Last month I walked backwards into what looks like a real story. I took a snarky Darren Aronofsky reply to a stupid Robocop question as a sign that the director was off the remake project. It turned out that Aronofsky was, at the time, still on. But other details began to emerge. And now more details continue to emerge, and it’s beginning to look possible that the Robocop remake won’t be a Darren Aronofsky film.
First, the basics:
MGM really wants a Robocop movie. Like, hugely so. Their 2011 is pretty much centered on the movie happening. But MGM is also wary. They don’t have a ton of money to throw around, and they’re not interested in a Watchmen-style ‘artistic triumph’ movie. They want an honest to god hit that will make them honest to god large amounts of money.
Darren Aronofsky would like to do Robocop. He wants to do it as a hard R picture. A very hard R. And he wants to spend some money on the film. Sources tell me that the director has begun chafing in the low-budget spectrum and would like to flex his muscles with something in the deeper end of the pool.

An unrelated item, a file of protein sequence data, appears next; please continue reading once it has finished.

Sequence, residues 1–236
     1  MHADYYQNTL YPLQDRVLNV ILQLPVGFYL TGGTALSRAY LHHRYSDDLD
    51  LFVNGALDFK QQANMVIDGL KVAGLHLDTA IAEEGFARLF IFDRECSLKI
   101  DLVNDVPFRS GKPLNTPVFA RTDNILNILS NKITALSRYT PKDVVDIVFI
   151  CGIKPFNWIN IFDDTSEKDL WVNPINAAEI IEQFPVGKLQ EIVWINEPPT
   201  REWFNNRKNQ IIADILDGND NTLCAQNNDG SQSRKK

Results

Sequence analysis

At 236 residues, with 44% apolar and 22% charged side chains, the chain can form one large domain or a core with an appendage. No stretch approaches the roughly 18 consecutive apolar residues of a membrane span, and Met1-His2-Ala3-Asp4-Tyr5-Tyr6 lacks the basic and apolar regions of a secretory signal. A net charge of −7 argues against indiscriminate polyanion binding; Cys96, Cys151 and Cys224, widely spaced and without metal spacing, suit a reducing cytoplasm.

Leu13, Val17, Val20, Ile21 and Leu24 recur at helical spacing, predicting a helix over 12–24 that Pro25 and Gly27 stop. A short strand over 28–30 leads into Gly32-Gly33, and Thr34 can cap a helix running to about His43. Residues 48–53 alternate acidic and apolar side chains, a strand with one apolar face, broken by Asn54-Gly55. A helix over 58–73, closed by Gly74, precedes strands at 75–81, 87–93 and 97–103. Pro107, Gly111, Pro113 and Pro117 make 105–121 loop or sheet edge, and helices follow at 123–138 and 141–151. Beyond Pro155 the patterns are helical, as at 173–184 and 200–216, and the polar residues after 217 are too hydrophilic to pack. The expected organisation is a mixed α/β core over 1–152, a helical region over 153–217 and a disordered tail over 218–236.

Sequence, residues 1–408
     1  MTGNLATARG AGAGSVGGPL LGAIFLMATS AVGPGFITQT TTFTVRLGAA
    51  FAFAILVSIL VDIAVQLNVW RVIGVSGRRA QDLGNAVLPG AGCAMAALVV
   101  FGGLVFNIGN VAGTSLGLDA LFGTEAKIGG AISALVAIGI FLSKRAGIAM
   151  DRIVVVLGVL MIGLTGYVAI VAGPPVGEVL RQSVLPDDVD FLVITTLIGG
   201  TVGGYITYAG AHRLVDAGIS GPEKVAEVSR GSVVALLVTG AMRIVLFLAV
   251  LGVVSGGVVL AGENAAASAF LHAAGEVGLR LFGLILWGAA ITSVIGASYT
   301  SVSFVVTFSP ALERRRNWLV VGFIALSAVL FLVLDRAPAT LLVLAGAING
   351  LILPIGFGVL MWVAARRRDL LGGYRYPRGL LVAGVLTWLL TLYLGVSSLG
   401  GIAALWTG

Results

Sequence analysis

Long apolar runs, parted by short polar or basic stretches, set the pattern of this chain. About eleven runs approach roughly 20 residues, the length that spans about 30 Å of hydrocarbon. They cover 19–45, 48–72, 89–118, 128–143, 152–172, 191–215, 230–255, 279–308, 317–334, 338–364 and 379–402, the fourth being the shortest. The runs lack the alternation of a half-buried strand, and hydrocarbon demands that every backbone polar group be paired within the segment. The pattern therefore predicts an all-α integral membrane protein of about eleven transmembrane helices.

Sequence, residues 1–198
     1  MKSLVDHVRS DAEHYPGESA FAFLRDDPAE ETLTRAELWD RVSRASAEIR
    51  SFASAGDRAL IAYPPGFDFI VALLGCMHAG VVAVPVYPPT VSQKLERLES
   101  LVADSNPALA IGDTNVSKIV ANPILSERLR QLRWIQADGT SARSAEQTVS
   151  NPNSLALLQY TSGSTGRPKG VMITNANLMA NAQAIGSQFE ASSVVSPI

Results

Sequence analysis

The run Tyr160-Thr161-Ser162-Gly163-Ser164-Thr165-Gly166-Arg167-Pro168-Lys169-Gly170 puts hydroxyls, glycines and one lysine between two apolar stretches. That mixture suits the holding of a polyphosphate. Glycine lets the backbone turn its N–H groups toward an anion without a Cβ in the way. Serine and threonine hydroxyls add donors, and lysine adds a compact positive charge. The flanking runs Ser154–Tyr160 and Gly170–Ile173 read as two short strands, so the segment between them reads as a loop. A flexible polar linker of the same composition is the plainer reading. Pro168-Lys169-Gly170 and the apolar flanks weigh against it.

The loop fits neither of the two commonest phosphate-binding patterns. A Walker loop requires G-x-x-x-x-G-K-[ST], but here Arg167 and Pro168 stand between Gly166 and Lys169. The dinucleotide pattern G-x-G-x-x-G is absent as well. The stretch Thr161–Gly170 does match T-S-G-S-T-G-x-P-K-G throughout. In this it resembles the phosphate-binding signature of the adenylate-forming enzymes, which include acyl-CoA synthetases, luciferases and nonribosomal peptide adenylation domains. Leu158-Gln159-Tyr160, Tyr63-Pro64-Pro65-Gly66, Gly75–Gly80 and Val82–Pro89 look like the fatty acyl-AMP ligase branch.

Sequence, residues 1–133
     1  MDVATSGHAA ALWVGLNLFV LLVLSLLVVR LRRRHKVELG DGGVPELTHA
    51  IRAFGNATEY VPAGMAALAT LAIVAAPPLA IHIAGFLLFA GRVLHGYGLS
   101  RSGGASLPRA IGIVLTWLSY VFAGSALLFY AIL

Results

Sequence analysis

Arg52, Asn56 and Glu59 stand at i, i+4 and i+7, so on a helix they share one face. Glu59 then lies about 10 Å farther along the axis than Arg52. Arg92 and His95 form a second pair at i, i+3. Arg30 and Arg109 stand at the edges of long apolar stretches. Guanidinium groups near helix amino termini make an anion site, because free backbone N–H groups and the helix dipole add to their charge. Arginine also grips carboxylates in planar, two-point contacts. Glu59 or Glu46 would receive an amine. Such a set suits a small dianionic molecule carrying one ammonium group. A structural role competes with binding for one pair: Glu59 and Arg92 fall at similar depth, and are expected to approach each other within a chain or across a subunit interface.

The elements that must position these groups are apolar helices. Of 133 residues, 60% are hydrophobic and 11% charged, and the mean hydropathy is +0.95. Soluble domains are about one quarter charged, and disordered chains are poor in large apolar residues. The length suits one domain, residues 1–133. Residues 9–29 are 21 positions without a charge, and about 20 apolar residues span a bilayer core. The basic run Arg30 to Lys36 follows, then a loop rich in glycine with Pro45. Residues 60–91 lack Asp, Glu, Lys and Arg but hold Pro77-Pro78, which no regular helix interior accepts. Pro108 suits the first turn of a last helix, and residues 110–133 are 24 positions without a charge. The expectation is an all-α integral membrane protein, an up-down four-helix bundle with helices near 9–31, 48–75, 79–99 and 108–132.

MGM is concerned about that. They’re worried that the hard R rating will cap their profits. And they’re worried that a Robocop that comes in at 150 million dollars and is R will really squeeze the profits.
So that was the last I heard about it. MGM will have a Robocop in theaters in 2011, and at the time it looked like they were in the process of figuring out with Aronofsky just how to make that happen in a way that would make everybody happy.
But now there’s new word from The Hollywood Reporter that Aronofsky’s The Black Swan, his ballet film, may be taking precedence, especially as the director tries to make it fit into Natalie Portman’s schedule. If that’s the case it could potentially render all of the Robocop hand-wringing moot, and mean that Aronofsky will step away from that project. Or the sudden change in priorities could mean that Aronofsky is no longer interested in haggling with MGM and is just getting ready to move on.
There will be a Robocop film in your local theaters in 2011. I believe it will be rated R. As to whose name will be on the directing credit… well, that remains to be seen.
via The Hollywood Reporter
Behind every great book adaptation is a forgettable first try. — By Ryan Covey